A new practice routine
For cardiologist Matt Phillips and his practice partners, what they could accomplish on their own wasn’t enough. Six years ago, Phillips became president of Austin (Texas) Heart, which has 47 cardiologists and 25 physician extenders. They practice in 14 hospitals that are part of eight systems across a 16,000-squaremile chunk of central Texas.
“We met and wanted to be standard-setters in quality,” Phillips says. “It’s not so easy to achieve that vision.” The physicians started building the administrative and clinical infra- structure to make their vision a reality. They started a research department, hired a fulltime quality-assurance nurse and learned some business practices from Dallas-based Southwest Airlines.
Austin Heart’s physicians engage in an intensive peer review of each others’ work, Phillips says. Austin Heart has an electronic health record, but now the physicians want an even better system, he says. Its physicians spend 6% of their time maintaining and improving this infrastructure—time not spent seeing patients, Phillips says.
Two years ago, Phillips says, the physicians decided that, “If we were really going to set the standard, we were going to need more resources than we had.” So Austin Heart started a two-year process that ended with the sale of the practice to St. David’s HealthCare in Austin, effective Dec. 31, 2009. St. David’s is a six-hospital joint venture that brings together for-profit HCA with two not-for-profit partners—St. David’s Foundation and Georgetown (Texas) Healthcare System.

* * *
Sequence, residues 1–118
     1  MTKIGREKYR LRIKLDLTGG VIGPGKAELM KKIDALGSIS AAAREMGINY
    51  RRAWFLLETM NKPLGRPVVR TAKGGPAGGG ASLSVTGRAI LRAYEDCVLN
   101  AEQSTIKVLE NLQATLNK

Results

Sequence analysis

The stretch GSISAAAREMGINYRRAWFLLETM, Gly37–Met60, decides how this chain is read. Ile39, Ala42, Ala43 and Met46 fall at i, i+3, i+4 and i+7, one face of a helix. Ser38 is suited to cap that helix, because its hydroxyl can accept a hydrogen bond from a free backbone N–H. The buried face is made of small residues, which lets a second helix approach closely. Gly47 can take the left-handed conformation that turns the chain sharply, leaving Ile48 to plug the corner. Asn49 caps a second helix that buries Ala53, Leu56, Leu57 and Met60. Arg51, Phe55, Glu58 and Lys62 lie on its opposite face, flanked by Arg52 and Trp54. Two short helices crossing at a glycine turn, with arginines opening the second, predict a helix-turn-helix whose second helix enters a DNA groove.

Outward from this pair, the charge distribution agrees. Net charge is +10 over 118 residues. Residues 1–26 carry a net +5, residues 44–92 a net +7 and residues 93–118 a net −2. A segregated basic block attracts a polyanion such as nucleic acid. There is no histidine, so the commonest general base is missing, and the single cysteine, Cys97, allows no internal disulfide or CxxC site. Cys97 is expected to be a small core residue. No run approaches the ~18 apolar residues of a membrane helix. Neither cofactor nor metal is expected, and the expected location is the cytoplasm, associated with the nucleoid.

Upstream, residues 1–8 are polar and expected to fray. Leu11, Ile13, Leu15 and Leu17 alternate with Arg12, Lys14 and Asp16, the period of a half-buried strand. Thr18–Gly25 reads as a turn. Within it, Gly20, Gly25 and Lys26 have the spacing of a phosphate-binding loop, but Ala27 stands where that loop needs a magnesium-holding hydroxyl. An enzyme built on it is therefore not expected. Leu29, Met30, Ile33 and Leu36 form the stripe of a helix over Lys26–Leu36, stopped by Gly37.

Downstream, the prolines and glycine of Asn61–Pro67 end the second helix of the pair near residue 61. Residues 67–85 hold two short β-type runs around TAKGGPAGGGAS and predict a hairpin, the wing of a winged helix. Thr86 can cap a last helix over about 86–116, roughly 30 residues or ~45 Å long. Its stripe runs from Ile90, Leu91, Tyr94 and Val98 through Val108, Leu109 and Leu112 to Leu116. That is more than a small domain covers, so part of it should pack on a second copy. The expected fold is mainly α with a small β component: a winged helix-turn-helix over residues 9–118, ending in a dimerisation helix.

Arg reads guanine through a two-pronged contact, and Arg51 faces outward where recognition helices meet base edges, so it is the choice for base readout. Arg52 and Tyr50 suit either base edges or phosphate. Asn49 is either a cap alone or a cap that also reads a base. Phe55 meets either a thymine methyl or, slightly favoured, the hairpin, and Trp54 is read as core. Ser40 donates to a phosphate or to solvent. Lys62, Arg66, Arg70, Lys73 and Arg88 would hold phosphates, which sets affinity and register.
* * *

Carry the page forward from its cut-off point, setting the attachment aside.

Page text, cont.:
Austin Heart is but one example of the trend of physicians throwing in their lot with hospitals. A survey last fall by the American College of Cardiology, as well as surveys by the Medical Group Management Association, indicates the strength of this trend.
Among cardiologists in private practice, 38.1% said they will respond to a recent CMS fee-schedule ruling by pursuing integration with a hospital system. Only 33% expect to remain in private practice without a merger into some other organization, whether a hospital or other physician practice, according to the survey of 801 cardiologists conducted between Oct. 31 and Nov. 17, 2009.
Meanwhile, among respondents to the MGMA’s annual Physician Compensation and Production Survey, hospital-owned group practices have grown from 25.6% in 2005 to 49.5% in 2008. In that latter year, hospitalowned practices exceeded physicianowned group practices for the first time, according to the MGMA.
The prospect of bundled payments and penalties for readmission of patients provides a carrot-andstick set to bring hospitals and physicians together, says Dave Johnson, a senior managing director for Ziegler, a consultancy. “If suddenly outcomes matter and consistency matters, then care coordination becomes a bigger part of the picture, and neither hospitals nor physicians can do that alone,” Johnson says.
While healthcare reform has stalled in Washington, physicians see the regulatory pressure that could come to bear on physician-owned facilities, Johnson says. They already have faced lower reimbursements for their outpatient surgery centers compared with hospital-based surgery centers.
John Deane, CEO of Southwind, a Nashvillebased physician practice management consultancy that is now a division of the Advisory Board Co., says the well-reported changes in the expectations that today’s medical school gradu-
Johnson: Policy proposals bring docs, hospitals together.